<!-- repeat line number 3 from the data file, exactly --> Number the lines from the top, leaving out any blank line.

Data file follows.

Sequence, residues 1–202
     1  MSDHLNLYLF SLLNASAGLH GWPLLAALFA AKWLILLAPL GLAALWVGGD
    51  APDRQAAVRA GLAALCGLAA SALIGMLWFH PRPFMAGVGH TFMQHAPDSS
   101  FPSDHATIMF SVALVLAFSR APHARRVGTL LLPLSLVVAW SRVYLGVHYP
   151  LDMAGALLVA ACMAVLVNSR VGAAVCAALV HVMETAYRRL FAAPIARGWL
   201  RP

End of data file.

    51  APDRQAAVRA GLAALCGLAA SALIGMLWFH PRPFMAGVGH TFMQHAPDSS